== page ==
Scarlet Sister Mary
Highly controversial in its own time, this novel will still raise eyebrows today. It is the story of a young black woman whose true love does her bad. In his wake she gives free reign to her passions with a long string of casual lovers. She bears nine illegitimate children because of this. She rears them on her own with strength, courage and a sort of homely dignity. The church-dominated community ostracizes her. Set in post-emancipation coastal Carolina, the book has no white characters. It has been compared with other pioneering novels (such as The Color Purple and Their Eyes Were Watching God). It celebrates rural Black-American culture on its own terms, in its own language.
Here is an intimate, three-dimensional portrait of a Gullah community where people’s lives carry on absolutely independently of their recent masters—yet it was written by a white woman, making the book very revolutionary for its time. Due to this, and to the sensual nature of its content, it was labeled obscene.
Its author, Julia Peterkin, grew up around Gullah folk as a plantation mistress. She knew how to perfectly render their dialect and humor. She became the first South Carolinian to win the Pulitzer Prize in 1928 for Scarlet Sister Mary. (A detractor promptly resigned from the jury in outrage.) But none of this is the real joy of the book. Read it for the colorful language and laugh-out-loud humor. It brings to life this troubling, yet warmly loved slice of Lowcountry folklife.
J.E. McTeer’s High Sheriff of the Lowcountry
This author is a local legend, along with his arch-nemesis (and in a way admired friend) the infamous Sea Island conjure man Dr. Buzzard. McTeer became head lawman of Beaufort County in 1926 at the age of 23, replacing his deceased father, and went on to serve in the position for 37 years, garnering respect and affection from both the black and white communities of that segregated time. But where else in America could you find a sheriff who was also a self-professed white witch doctor. He openly participates in supernatural battles with the criminals he tries to bring down. McTeer was the author of many books. These include Fifty Years as a Lowcountry Witch Doctor, High Sheriff of the Lowcountry, Adventure in the Woods and Waters of the Low Country, and Beaufort Now and Then. These vintage classics can be found in any local library.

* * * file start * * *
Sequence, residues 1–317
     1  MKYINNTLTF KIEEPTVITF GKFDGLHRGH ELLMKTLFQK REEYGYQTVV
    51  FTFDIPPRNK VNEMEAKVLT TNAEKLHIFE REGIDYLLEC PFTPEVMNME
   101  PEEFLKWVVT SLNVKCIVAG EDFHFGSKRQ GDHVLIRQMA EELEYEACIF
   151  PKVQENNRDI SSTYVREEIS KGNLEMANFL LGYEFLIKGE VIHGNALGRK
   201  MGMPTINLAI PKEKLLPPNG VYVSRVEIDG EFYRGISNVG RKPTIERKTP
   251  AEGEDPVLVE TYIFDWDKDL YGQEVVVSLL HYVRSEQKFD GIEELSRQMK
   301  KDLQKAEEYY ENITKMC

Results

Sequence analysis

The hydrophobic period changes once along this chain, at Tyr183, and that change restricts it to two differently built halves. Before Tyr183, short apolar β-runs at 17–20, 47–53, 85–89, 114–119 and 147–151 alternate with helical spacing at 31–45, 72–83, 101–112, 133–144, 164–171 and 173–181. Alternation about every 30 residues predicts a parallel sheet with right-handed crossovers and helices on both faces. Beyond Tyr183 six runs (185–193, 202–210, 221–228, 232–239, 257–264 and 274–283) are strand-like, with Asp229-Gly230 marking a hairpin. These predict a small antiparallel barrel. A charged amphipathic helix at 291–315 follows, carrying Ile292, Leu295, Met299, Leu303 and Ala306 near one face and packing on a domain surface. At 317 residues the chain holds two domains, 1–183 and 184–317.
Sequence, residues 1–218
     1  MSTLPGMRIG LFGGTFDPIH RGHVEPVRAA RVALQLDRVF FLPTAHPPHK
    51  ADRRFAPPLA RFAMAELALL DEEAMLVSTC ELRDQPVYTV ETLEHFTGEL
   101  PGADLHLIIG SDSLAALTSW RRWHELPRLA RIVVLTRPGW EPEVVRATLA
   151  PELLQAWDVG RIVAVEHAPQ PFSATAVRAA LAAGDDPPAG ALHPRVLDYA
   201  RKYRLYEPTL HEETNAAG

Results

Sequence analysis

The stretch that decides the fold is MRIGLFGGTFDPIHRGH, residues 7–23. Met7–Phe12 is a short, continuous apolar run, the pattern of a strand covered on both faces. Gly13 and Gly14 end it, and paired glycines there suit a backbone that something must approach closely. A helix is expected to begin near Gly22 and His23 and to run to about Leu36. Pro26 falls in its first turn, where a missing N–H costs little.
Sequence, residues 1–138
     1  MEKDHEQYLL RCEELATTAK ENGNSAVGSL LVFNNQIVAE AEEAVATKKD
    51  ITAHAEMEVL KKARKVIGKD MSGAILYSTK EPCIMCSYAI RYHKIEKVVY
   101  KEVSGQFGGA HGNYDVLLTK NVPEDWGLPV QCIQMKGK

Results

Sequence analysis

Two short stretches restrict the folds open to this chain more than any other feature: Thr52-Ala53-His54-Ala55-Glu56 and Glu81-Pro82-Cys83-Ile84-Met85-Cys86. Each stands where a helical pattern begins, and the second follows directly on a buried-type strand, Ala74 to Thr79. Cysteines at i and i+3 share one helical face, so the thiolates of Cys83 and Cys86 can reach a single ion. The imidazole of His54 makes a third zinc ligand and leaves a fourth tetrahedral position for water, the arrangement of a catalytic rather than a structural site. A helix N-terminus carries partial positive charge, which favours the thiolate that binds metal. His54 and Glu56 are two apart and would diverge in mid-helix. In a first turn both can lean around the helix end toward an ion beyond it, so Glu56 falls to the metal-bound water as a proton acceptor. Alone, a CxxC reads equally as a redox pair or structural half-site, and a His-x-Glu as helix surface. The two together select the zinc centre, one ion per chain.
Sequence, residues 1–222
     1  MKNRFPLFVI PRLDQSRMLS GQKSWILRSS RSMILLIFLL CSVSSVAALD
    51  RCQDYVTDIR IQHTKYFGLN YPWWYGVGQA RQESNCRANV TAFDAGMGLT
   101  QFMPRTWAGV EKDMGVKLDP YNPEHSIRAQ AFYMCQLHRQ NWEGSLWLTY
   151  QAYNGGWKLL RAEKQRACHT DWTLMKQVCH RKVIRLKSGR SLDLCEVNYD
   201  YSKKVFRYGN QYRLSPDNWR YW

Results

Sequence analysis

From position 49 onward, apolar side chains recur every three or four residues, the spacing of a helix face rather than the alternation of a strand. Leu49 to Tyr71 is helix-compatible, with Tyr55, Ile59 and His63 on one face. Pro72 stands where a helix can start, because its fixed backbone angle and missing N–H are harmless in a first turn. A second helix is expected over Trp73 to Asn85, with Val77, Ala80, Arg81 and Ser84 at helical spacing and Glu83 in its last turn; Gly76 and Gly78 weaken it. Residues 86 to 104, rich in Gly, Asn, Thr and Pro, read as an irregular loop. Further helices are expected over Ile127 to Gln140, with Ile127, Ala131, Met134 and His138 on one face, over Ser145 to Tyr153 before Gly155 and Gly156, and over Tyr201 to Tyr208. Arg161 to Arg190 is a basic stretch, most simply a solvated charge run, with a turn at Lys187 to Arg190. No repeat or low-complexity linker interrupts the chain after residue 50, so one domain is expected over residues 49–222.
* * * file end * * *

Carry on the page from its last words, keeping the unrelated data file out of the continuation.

McTeer tries to bring down the flashy-dressing, purple-spectacled, third-generation rootman Dr. Buzzard.
Dr. Buzzard helped draft dodgers by administering small doses of arsenic to give them heart murmurs. McTeer couldn’t abide this malpractice. This resulted in much trading of threats and spells. It ended only when Buzzard’s son ran his car into the marsh and drowned. (In his books McTeer insists this was a coincidence, but nevertheless it sealed the fame of his powers.)
Sensational as all this may sound, McTeer was an extremely intelligent, rational, shrewd and insightful person. He had a deep understanding and sensitivity toward the people of his community. He called himself a “poor man’s psychiatrist.”
After resigning as sheriff, he continued to see patients who came from several states. They seek his counsel in a little back “root room” of his real estate office. He was an icon of a unique era, but continues to hold sway on popular imagination.
Rambler’s Life: The South and The South Reloaded
These back-to-back underground classics are the rarest books on the list, written by a hometown girl (me) and available in limited handmade editions at Cahill’s Market. They chronicle secret histories and little-known stories of the Lowcountry—as well as the real-life South beyond it. If you like moonshine, folk art, BBQ, gospel, snake experts and bluesmen, Rambler’s Life is the book for you. There is a lot going on in the South. Once you get beyond ugly stereotypes on the one hand, and over correction of being too polite on the other. A writer with no agenda is just the person to report on these complexities.
Enjoy a good read this winter, while supporting your local authors and keep telling their truths.
By Michele Roldán-Shaw